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Old 04-09-2016, 11:34 AM   #1
BilgeRat

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Default Mold gel coat repair?

I had an unfortunate chain of events that damaged an essential and (expensive) mold!
A couple weeks back, I applied a gel coat on a carnauba waxed mold in preparation of a CF cloth layer. I left the mold overnight at shop with plans on returning the next day. A bad flu took me out most of the week (never made it) and I scrambled to get my momentum back; sprinting at urgent other tasks and the mold, well, just sat. (not good!) Unfortunately the long time in the mold (about 2 + weeks!). I decided I did not Like the application and wanted to abort the gel coat. To my horror, it was brittle and in some sections bonded to tooling gel coat. . I have removed 99% of the gel layer but not without collateral damage in a few places. Dental plaque removal tactics and some careful heat gun blasts were required. The takeaway? An expensive lesson: leaving a gelcoat on too long can burn through wax layer and bond!

I am wondering, has anyone successfully repaired a compromised mold? Can a bondo approach (or?) tooling gel coat putty be made with a talc, sanded to micro grit buffed in affected areas? Any hope? Any tricks? Thanks
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Old 04-09-2016, 09:46 PM   #2
Infused

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Bondo no. Maybe a few pulls but it will eventually fail. Best is to use maybe some gel coat mixed with some chopped up strands of fiber to thicken it, or maybe carbosil? But I've never used carbosil with gel coat.

They make mold repair kits but I've never used them. I usually do gel coat, then more gel coat after it shrinks some depending on the repair. I'm sure there's an easier way but I have yet to want to buy new products just to have hem sitting around.
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Old 04-10-2016, 03:29 AM   #3
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Just apply tooling gelcoat over tooling gelcoat, until you are satisfied with the amount of material applied. Wipe wit acetone, sand and buff. (invest in a buffer and the stuff that goes with it)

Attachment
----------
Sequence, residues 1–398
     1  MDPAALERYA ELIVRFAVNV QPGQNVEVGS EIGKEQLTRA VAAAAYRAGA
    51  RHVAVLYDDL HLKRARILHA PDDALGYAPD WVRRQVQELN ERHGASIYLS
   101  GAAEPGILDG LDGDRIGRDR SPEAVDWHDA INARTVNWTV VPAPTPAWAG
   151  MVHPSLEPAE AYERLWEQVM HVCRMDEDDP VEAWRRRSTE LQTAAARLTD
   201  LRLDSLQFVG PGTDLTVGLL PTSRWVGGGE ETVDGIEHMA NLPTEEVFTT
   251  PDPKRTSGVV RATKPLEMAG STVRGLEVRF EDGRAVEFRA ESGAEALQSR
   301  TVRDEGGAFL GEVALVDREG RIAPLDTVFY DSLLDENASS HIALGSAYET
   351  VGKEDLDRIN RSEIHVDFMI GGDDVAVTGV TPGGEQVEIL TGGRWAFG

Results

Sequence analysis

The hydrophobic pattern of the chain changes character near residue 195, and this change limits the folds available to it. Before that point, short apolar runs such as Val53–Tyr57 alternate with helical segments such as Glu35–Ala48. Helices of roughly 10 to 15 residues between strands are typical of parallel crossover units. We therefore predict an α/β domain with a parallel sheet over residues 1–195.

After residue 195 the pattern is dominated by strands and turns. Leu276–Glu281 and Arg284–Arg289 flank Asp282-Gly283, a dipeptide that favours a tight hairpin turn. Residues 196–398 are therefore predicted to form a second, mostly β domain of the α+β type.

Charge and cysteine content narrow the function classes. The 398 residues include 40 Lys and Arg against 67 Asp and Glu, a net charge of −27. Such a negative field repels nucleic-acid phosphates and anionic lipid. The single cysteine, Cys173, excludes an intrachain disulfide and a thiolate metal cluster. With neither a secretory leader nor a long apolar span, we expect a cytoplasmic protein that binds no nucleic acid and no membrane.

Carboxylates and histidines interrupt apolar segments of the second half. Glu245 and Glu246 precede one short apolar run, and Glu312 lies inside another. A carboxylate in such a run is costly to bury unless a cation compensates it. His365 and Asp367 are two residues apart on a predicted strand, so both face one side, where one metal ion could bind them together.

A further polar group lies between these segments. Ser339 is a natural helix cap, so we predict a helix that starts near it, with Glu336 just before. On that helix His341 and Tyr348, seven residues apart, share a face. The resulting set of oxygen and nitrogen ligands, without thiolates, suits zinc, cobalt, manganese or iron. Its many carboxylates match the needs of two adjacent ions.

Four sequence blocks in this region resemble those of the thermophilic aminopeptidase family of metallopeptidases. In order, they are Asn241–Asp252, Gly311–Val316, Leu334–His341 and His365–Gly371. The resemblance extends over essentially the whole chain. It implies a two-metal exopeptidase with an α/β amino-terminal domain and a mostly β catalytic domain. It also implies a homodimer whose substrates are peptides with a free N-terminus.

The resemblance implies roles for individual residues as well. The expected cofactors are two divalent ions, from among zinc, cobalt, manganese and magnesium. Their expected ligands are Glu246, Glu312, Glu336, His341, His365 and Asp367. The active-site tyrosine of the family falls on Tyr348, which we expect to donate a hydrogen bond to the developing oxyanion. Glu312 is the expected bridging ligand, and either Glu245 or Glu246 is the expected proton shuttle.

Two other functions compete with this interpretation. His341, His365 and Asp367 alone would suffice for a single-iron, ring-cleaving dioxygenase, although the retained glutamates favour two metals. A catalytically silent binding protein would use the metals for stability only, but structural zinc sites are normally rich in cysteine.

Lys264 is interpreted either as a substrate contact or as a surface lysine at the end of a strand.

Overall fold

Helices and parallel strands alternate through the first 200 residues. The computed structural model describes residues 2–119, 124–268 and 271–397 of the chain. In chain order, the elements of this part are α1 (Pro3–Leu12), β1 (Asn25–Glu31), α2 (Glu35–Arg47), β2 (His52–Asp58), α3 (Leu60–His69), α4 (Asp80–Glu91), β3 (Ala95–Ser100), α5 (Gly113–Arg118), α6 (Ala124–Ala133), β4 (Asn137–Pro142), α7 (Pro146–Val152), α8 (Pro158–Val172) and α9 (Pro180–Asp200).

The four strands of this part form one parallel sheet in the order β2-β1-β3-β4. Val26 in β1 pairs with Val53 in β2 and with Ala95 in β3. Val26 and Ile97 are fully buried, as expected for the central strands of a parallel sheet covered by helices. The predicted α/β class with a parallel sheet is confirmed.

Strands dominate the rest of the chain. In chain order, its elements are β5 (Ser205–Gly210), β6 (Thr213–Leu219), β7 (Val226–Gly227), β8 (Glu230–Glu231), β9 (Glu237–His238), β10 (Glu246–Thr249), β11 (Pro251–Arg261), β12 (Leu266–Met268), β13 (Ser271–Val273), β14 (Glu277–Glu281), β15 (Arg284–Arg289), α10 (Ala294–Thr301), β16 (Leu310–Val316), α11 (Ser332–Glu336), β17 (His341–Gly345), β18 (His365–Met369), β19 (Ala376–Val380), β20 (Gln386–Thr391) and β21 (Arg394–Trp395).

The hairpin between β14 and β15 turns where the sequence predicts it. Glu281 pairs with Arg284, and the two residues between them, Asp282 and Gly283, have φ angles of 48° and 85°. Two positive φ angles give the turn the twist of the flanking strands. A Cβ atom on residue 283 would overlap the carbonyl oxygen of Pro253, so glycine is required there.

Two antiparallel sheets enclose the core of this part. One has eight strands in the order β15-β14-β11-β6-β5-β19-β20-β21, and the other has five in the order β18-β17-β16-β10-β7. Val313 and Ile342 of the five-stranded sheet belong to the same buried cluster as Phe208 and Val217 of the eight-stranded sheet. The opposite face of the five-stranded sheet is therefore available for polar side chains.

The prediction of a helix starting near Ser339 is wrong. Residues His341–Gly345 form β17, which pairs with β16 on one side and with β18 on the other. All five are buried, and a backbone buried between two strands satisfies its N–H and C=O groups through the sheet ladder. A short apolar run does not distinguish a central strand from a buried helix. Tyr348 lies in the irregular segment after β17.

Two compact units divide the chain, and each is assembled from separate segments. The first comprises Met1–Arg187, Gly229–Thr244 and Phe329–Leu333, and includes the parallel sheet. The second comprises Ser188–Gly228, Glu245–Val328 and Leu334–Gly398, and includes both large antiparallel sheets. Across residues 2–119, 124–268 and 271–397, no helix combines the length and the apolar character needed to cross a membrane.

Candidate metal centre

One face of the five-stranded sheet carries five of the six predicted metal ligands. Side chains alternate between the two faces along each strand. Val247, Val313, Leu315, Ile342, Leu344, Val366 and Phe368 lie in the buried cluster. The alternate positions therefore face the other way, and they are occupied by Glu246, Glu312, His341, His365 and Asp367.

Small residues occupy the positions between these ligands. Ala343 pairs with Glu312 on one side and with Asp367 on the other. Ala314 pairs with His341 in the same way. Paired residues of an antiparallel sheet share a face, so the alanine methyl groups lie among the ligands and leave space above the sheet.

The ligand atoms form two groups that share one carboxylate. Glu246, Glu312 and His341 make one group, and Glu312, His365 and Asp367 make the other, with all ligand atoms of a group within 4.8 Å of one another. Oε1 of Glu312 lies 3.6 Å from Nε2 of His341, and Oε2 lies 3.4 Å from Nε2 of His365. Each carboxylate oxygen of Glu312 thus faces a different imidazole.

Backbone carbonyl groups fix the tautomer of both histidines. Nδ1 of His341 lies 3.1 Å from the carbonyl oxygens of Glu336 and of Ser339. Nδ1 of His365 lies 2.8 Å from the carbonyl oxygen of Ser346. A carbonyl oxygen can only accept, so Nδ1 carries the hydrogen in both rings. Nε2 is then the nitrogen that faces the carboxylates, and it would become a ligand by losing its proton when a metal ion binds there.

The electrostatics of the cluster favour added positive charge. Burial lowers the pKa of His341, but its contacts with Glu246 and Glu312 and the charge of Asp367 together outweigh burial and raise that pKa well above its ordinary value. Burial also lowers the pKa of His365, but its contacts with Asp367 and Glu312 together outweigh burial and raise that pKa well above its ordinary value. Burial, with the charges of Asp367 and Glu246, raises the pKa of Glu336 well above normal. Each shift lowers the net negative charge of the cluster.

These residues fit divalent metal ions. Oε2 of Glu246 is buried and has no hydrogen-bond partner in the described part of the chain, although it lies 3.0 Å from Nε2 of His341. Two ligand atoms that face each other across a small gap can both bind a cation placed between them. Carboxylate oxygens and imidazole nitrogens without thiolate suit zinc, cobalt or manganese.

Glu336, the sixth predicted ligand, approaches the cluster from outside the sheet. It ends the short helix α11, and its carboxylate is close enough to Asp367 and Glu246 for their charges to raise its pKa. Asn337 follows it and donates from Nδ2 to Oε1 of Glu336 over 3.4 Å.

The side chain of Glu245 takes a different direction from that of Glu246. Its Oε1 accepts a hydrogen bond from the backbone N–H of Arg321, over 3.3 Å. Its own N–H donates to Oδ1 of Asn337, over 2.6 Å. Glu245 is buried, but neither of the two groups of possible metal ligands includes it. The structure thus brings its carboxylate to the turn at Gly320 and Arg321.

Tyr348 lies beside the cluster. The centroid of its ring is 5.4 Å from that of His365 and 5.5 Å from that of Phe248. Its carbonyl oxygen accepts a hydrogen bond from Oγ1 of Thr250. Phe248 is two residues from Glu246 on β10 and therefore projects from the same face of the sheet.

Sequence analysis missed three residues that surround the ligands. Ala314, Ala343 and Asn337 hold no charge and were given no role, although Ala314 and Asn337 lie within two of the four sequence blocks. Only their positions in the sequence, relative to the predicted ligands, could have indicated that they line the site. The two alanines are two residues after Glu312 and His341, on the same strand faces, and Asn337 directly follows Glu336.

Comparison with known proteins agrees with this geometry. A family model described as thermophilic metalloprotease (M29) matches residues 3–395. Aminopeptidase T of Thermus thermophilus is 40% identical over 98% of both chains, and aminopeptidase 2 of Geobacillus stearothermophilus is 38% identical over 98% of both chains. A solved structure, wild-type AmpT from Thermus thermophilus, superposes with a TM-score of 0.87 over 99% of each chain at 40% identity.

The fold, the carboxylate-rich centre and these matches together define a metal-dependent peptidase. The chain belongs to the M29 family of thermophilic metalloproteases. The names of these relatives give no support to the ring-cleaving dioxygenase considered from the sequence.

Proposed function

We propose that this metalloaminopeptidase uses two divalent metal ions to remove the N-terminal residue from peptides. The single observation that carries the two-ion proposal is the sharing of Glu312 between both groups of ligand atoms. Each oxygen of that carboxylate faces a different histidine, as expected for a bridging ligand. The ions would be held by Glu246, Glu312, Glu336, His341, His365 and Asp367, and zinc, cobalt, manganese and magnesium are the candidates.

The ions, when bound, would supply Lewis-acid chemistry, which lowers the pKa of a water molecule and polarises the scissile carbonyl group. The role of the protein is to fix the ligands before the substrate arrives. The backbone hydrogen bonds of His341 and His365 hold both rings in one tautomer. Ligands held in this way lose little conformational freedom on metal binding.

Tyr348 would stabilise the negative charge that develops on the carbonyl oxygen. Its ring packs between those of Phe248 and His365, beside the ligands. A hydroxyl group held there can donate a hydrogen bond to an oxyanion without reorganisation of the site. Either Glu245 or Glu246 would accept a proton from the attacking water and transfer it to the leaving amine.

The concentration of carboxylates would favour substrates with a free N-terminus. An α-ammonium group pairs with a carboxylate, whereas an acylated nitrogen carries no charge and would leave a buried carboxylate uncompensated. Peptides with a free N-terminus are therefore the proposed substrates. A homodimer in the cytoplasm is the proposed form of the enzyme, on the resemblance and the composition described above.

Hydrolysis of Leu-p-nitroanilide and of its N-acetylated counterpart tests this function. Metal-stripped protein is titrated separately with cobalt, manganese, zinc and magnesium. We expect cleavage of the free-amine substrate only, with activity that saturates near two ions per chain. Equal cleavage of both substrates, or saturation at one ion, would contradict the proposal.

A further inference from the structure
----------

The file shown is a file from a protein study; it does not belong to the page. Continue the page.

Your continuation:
After that, break in your mould like new, so first 2 pulls with PVA.

I am surprised the gelcoat bonded. You tried to laminate a piece of fabric over it, then yank it out? Mostly the quickest and least invasive way to remove unwanted gelcoat.
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Old 04-10-2016, 06:46 AM   #4
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Fill any low/damaged areas with a strong filler and fair smooth. Next do a spray gelcoat repair with the same tooling gel (with wax), then sand to 1200 or better and polish. Like new.

For really small bits or chips I just carefully fill them with the same straight gelcoat (with wax) using a toothpick like tool so that it is slightly overfilled. Make sure you tease the air out of the filling as it is applied so that you minimize porosity in the repair. Once cured cut back with wet dry to 1200 or better and polish.
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Old 04-10-2016, 11:19 AM   #5
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I don't believe the extra time of gel coat has anything to do with it sticking ,
its you release system that failed.
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Old 04-11-2016, 04:10 AM   #6
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As above. The time the tool was left gelled up played no part in the adhesion of gel to the tool. Depending on the size/amount of repair a good quality mould repair putty would be a good option.
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Old 04-11-2016, 08:58 AM   #7
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Thank you all for your replies!

I'll give it a go!
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